Osborne to go ahead with taxing expat pensions
|Published:||4 Apr at 6 PM|
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The Chancellor is now making it clear that expats must decide whether they are out or in the UK’s tax systems. They cannot, he said, expect to rely on the British government for favours concerning financial matters.
A consultation aimed at examining the possibility of scrapping personal tax allowances for UK citizens living overseas has taken place, with the tax-free allowance at present set at £10,000. An expat couple drawing income of over £10,000 from a private pension based in the UK, including their state pension, can expect to pay around £2,000 a year in income tax.
The result of the study is expected to be published along with the Finance Bill, with the definition of ‘expat for tax purposes’ clearly defined. At present, the revenue office is believed to class an expat as a citizen who has broken all ties with the UK and, if working, pays tax in another country.
It seems that UK residents and expats living overseas with ongoing economic connections in the UK may be allowed to keep their personal tax allowances. Those most at risk may well be those who cut all connections to the UK once they had emigrated overseas, according to Osborne’s comment that he will ensure the personal allowance is well-targeted.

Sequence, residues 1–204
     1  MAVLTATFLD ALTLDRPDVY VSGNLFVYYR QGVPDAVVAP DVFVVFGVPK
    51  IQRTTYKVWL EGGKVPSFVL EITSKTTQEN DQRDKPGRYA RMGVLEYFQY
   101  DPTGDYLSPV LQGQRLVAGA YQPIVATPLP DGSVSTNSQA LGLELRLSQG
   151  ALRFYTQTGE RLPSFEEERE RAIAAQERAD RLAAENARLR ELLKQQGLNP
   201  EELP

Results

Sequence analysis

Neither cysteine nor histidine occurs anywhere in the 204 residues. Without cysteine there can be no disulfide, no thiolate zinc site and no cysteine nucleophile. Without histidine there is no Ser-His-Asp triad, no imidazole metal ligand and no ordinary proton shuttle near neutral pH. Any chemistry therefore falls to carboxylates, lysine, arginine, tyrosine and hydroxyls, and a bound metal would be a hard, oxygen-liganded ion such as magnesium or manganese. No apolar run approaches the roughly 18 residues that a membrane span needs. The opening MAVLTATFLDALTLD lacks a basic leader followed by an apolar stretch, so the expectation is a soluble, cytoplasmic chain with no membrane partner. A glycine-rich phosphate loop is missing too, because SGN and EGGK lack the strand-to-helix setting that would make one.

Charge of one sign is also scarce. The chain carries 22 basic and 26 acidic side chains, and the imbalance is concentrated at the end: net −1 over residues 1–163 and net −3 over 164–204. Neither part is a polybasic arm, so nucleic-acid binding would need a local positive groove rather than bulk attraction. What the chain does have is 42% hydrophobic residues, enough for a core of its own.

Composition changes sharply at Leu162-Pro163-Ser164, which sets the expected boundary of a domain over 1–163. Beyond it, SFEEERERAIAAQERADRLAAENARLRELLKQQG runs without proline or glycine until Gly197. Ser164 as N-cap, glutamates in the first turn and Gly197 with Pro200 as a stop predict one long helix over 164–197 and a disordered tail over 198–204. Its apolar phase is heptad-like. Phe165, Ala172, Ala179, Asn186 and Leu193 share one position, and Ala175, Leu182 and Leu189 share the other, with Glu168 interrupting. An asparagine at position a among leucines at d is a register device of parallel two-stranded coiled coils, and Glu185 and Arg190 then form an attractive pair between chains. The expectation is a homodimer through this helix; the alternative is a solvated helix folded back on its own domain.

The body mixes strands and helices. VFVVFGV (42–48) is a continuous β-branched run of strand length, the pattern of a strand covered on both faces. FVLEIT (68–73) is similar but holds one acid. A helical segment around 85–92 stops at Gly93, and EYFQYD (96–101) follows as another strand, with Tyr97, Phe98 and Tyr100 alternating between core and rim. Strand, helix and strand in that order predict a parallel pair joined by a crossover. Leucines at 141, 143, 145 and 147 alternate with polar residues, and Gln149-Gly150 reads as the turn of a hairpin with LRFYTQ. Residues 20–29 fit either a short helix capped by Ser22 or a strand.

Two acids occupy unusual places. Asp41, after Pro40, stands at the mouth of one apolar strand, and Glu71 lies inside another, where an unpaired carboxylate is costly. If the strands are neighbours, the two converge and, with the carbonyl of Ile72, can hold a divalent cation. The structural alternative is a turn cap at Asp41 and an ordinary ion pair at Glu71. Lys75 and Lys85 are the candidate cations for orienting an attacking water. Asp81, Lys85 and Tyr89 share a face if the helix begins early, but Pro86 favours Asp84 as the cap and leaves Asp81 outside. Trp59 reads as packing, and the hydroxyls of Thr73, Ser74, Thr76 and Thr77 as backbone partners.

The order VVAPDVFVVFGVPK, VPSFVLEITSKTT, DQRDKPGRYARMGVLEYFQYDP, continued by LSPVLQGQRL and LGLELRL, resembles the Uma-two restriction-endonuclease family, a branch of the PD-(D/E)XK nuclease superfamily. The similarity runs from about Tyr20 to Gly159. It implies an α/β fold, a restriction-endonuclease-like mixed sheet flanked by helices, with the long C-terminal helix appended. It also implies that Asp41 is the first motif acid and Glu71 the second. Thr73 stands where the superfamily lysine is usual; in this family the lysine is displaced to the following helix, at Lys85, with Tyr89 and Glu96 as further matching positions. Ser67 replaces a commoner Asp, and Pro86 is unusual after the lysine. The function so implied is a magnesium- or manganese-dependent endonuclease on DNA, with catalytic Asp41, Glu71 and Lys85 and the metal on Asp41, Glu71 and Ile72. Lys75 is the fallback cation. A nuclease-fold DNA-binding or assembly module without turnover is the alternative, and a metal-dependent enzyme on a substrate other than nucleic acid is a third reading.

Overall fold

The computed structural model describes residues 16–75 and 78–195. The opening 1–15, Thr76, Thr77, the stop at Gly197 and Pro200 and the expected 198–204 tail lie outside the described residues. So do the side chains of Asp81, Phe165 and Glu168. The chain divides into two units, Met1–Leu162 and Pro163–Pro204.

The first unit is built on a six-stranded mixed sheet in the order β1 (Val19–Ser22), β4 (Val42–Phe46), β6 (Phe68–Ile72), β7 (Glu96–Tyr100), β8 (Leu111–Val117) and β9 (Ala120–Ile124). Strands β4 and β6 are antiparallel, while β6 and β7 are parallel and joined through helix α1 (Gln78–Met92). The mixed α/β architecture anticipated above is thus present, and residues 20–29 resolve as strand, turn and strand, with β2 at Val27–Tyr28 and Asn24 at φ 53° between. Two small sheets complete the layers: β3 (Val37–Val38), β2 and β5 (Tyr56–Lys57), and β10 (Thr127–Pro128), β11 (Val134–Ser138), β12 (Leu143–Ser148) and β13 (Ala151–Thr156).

Those who are able to switch their onshore pension to an offshore QROPS taxed in the expat’s tax resident country may be able to avoid paying tax in the UK. However, expat pensioners only drawing the UK state pension, especially those in countries where it’s frozen, may be faced with considerable difficulties should it be taxed at source.
Comments » There are 2 comments
Could you tell me if the government are shooting themselves in the foot. My wife and i live in spain and both recieve UK old age pension, i also recieve a pension from BP and a small military pension. We are Fully recident in spain, and i pay my tax here, under the UK/Spain double tax agreement. We have no property in UK. 1) Are they going to stop the double tax agreement. 2)As we have both payed for our Old age pension all our working lives, how can they tax just expats. This surly is ilegal. Also i will still be oblidged to pay spanish tax. More brits from here will go back to UK and claim all the benifits they can. Not us if we can help it.
In Thailand, retirees relying on their pension must have an income of at least 65,000 baht per month or about 14,700 pounds a year to obtain a retirement visa. If the personal allowance is chopped, then their income will go down to 12,700 pounds or 56,000 baht per month and they may be forced to go home and claim all the benefits they can in the UK. Also, all UK pensions here are frozen at the original rate. In my case, my measly pension of 10,000 pounds per year would be cut entirely by 20%, which could seriously affect me. I have a retirement visa through investment of at least 800,000 baht, but I might have to start spending it. There are old people living abroad who served their country well in wars, business, etc., and now they might be exploited.